How do I get CentOS 7 to recognize my USB flash drives?

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justindwalker87
Posts: 22
Joined: 2020/02/05 17:00:47

How do I get CentOS 7 to recognize my USB flash drives?

Post by justindwalker87 » 2020/02/06 20:10:07

How do I get CentOS 7 to recognize my USB flash drives? Thank you

chemal
Posts: 625
Joined: 2013/12/08 19:44:49

Re: How do I get CentOS 7 to recognize my USB flash drives?

Post by chemal » 2020/02/06 22:50:39

Put a supported filesystem on them. Or install support for the filesystem you use now.

ron7000
Posts: 141
Joined: 2019/01/15 20:00:28

Re: How do I get CentOS 7 to recognize my USB flash drives?

Post by ron7000 » 2020/02/13 18:18:25

you might need to further clarify what you mean by "recognize"

plugging in a usb flash {anything} will typically auto mount into /run/media/{something}

but if it does not, the first few troubleshooting steps I would recommend
  • 1. lsusb, this will report all usb devices plugged in, including keyboard and mouse.
    2. /sys/kernel/debug/usb/devices; read this file for a real time listing of what is plugged in to all your usb ports
    3. if you don't see your usb device from the previous, then I think that means a device driver problem and linux is outright not recognizing your usb device.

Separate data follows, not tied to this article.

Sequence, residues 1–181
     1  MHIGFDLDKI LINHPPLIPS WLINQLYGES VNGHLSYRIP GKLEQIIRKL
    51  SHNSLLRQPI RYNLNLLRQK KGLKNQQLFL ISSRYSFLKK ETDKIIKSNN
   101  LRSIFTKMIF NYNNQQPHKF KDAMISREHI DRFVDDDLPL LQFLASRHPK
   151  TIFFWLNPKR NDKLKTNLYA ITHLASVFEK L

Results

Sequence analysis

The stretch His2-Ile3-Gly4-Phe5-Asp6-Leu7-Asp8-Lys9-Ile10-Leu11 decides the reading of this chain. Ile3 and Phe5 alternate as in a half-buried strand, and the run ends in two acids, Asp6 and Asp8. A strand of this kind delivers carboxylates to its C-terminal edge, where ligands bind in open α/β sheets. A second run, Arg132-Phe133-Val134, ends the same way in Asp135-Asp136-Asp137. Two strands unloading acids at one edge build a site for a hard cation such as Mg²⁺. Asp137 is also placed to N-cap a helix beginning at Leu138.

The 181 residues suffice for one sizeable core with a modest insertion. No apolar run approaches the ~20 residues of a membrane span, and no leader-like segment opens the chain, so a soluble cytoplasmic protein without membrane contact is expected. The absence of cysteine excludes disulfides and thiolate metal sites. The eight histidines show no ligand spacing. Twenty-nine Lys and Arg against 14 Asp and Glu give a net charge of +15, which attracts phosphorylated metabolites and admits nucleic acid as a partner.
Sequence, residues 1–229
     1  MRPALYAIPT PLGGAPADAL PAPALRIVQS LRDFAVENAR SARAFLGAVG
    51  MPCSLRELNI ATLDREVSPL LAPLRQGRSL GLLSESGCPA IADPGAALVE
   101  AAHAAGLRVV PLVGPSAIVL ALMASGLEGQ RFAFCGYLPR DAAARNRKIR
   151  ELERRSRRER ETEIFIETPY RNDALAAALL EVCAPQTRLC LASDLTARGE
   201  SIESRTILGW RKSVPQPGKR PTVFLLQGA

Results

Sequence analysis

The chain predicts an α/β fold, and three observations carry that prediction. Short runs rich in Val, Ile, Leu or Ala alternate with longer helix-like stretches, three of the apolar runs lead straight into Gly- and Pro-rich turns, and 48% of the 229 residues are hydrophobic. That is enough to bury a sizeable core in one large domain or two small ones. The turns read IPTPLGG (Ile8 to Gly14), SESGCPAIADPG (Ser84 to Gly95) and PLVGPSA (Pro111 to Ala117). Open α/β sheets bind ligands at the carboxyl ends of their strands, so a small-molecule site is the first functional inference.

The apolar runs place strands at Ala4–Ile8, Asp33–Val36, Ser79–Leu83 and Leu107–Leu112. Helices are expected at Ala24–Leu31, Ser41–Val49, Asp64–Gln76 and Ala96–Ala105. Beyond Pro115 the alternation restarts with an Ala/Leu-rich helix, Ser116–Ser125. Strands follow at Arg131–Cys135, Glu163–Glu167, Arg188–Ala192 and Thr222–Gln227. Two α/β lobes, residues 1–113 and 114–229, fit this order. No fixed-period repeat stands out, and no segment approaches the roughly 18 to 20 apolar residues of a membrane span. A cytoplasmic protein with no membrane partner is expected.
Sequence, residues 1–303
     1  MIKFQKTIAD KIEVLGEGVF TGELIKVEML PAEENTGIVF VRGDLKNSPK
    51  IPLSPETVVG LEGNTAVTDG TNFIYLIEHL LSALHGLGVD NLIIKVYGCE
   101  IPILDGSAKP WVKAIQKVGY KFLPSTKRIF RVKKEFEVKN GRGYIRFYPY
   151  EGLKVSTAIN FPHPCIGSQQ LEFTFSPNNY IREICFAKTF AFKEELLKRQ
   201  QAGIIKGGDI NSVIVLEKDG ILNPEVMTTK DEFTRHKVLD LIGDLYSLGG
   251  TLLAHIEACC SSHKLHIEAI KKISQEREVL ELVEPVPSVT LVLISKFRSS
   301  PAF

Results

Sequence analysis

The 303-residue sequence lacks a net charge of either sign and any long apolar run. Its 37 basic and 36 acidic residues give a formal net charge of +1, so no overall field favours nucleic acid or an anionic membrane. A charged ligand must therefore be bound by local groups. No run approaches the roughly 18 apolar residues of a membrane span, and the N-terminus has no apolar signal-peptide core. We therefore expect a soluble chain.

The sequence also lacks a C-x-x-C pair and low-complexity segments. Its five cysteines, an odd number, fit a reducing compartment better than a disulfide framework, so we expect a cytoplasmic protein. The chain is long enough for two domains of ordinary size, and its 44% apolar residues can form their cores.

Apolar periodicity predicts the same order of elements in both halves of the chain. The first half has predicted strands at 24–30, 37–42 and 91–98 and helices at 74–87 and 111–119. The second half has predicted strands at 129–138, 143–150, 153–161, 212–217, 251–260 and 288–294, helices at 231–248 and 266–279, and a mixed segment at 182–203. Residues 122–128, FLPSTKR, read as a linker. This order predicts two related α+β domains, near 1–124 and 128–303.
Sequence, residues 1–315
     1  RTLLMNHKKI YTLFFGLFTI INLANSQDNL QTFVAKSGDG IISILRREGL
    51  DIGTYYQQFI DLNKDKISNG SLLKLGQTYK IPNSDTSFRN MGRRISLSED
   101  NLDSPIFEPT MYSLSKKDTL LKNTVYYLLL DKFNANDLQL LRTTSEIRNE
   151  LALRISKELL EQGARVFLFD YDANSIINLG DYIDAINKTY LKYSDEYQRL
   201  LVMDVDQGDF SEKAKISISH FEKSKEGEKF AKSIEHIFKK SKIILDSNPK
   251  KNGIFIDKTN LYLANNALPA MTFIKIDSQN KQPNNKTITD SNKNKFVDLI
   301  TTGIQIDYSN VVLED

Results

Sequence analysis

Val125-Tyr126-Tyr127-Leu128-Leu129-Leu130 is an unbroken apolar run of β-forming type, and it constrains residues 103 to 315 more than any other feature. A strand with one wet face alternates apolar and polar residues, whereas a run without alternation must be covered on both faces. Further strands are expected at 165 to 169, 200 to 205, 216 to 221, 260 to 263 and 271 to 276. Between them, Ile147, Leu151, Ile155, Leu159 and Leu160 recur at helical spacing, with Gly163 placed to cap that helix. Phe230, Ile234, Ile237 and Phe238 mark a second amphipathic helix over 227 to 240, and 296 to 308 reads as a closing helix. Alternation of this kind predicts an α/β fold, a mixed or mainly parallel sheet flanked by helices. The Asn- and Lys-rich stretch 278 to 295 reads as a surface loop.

4. if you do see your device listed, then i don't know it technically goes from that to becoming a block device listed somewhere under dev. But you should have that usb device somewhere under /dev; such as under /dev/disk; and it should so up as a subsequent /dev/sd?. Meaning if you already have sda, sbd, sdc being whatever, then your usb disk plug in should show up as /dev/sdd.
    5. Being a disk, if it has 2 partitions for example, you'll see /dev/sdd1 and /dev/sdd2; let's say you want the data off sdd2 you would do mkdir /zz_newdisk; mount /dev/sdd2 /zz_newdisk
Generally for a simple single partition, linux will automount it under /run/something, and you may get a desktop shortcut as well. But if things get more complicated then all the automount stuff doesn't happen... at least I don't think it will automount every disk partition.

If your disk partition is formatted as NTFS then that is a 3rd party system driver, the source can be gotten from https://www.tuxera.com/community/open-source-ntfs-3g/.

Otherwise a yum install ntfs-3g followed by mount -t ntfs-3g /dev/sdd2 /zz_newdisk

And if it's a brand new disk, it will have no formatted partitions and will show up as simply /dev/sdd with no number, so you have to create a partition table on that new disk then at least one partition and then format any created partitions with a valid filesystem that [centos] linux will recognize which is basically XFS or EXT3 or EXT4. If you want NTFS then you need ntfs-3g.

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